Yesterday afternoon as I was listening to some music to relax at the end of a long day of work, I came across a review of the new Harry Styles single “Sign Of The Times,” which ended up being very positive. Not entirely expecting this given the reviewer’s reputation, I was curious enough to listen to the song itself, which I found to be a moving piano ballad. As the sort of person who likes to know more detail  about songs, I did some research and saw what Mr. Styles was getting at by writing his lyrics about a mother giving birth to a crying baby while having been told that because of a problem she would not be able to make it. And so birth and death are combined in the story of the song, which adds layers to the song’s rather non-specific framing. I think it’s even better of a song when one knows what the singer was going for in his writing and performance. We’ll see if the song can improve on its spot as #4 on the charts as a debut. Some people are thinking that the song is not as successful as Zayn’s debut “Pillowtalk,” but whatever its chart position it is a better song and there is something worthwhile about that.
This morning I looked at the news and saw that Aaron Hernandez  had apparently hung himself while in prison. Although he beat a double murder charge, he was still in jail for life for murder. As someone whose beat as a writer includes suicide, sadly , it is worth discussing why this happened with this timing. Aaron wasn’t going anywhere for a long time, likely for the rest of his life, as a result of his previous conviction, and the elation of beating the rap of murders–whether he committed them or not–would have been followed by the crushing realization that the victory was an empty one. Perhaps it was too much to take. Part of the price of being a particularly tormented soul is being interested in the tormented souls that one finds convenient to investigate, and for better or worse there are many tormented souls in my day and age, and in the places that I haunt in my own deeply conflicted existence. Until my own soul finds its repose, I suppose I will always be interested in such matters. Perhaps it is a sign of the times, or a sign of the sort of gloomy person I am.
What is the relationship between what we believe about end times and how we live our lives? Clearly there is some sort of relationship. By and large, we live in an age without a great deal of optimism. When we look at our political discourse on either side of the divide in our nation or others, we see a great deal more fear about the other side than we have any particular confidence in anyone. Even those who by virtue of eschatology consider themselves optimists depend on one of two events happening–either a massive conversion of society to godly conduct or a deus ex machina, including perhaps the literal return of Jesus Christ, in order to save us from ourselves. We seem invited at every turn to either seek an escape from intolerable existence through some chemical or philosophical means or turn our gaze towards the grim task of surviving one day at a time despite the fact that a great deal of our existence is grim and without a great deal of cheer.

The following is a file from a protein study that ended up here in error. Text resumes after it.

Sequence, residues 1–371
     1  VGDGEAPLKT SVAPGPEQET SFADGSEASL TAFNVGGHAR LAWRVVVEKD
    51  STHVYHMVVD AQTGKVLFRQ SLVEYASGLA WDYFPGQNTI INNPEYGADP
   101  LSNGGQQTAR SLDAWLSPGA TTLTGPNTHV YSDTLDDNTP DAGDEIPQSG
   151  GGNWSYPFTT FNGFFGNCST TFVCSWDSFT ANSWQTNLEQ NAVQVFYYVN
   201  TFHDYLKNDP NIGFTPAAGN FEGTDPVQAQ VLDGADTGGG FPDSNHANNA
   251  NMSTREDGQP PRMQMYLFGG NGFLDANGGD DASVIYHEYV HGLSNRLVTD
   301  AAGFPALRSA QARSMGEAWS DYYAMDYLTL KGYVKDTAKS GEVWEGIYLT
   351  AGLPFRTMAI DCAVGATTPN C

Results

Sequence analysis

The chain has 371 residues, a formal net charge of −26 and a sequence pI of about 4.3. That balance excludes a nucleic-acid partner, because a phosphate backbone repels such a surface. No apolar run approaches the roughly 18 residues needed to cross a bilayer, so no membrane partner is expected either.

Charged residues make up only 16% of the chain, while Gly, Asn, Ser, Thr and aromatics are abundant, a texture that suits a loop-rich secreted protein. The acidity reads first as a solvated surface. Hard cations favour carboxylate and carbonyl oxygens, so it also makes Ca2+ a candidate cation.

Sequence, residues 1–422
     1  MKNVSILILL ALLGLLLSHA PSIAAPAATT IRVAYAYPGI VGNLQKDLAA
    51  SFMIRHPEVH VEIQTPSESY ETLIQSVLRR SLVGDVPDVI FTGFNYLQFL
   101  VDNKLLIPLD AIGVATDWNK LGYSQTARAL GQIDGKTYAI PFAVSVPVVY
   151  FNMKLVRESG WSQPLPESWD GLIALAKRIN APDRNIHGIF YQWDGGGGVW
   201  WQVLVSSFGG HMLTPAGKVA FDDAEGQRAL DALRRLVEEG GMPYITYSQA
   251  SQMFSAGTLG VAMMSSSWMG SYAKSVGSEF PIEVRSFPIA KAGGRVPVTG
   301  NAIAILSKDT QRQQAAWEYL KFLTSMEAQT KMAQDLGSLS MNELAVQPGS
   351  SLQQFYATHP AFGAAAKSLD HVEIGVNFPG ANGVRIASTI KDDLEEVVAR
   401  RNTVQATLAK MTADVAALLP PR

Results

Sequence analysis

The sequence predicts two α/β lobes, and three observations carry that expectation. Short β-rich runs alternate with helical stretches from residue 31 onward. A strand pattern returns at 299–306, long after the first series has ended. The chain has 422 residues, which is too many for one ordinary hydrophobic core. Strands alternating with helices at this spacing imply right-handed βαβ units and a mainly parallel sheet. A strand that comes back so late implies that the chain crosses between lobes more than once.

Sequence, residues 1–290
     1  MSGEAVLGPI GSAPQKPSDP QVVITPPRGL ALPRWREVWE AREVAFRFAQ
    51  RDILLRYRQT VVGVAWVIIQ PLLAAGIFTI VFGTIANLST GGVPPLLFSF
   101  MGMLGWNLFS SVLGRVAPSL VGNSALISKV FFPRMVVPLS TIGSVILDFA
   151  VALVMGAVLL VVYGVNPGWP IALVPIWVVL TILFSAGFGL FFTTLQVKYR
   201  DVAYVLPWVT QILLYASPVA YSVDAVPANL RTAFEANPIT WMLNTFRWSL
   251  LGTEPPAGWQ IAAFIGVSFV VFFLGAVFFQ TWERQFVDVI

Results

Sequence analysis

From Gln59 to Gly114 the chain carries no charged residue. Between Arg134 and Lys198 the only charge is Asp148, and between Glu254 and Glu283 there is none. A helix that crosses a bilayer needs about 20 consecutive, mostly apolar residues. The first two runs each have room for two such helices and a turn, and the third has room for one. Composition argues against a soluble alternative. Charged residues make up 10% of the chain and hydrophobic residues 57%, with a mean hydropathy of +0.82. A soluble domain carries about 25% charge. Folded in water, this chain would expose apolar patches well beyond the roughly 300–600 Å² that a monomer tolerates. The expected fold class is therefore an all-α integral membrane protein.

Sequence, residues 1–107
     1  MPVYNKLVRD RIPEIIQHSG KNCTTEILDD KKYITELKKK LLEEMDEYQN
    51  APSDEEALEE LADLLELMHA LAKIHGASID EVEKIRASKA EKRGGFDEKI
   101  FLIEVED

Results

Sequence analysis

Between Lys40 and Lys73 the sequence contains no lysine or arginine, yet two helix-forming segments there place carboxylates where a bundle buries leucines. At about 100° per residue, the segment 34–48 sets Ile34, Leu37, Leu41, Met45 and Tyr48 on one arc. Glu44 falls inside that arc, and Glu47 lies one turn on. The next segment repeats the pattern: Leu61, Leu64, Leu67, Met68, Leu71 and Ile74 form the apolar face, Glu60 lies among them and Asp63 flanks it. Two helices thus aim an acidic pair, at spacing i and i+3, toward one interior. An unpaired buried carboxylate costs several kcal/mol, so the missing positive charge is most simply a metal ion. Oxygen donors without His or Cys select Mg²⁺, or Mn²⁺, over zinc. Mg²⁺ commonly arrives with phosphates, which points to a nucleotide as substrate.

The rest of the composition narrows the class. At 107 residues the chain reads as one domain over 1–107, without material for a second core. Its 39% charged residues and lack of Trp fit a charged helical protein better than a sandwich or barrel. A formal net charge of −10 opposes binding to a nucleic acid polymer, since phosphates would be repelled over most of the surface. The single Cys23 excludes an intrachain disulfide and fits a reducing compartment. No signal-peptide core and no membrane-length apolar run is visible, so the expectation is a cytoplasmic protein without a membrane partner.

And yet the tune with which we began does at least hint at where we can find courage. As a fond reader of young adult dystopian literature aimed at people a bit younger than I am, I notice a particular pattern that appears particularly relevant. The young and tormented heroes of these stories, over and over again, seek to save the world even when they have some awareness that they do not save it for themselves. We know that there is a terrible price to fighting against the pervasive evil that permeates every aspect of our contemporary existence. We know, even if we struggle against it, that we are corrupted somehow by living in the times and places that we do. We know the terrible contest between our noble ideals and our passionate longings. We reach for glory and honor and stumble into madness and despair, and we know that even if we are able to make a better world somehow with all the help we can find, that we will be scarred enough by the experience that we will not be able to fully enjoy and grasp the joy of that better world because of what we have experienced. Even if we should live in the flesh until we see a better world tomorrow, we are still ourselves, and we are still faced with the task of being renewed and transformed from within. What use is it to save the world if we cannot save it for ourselves as well?
 See, for example:
 See, for example: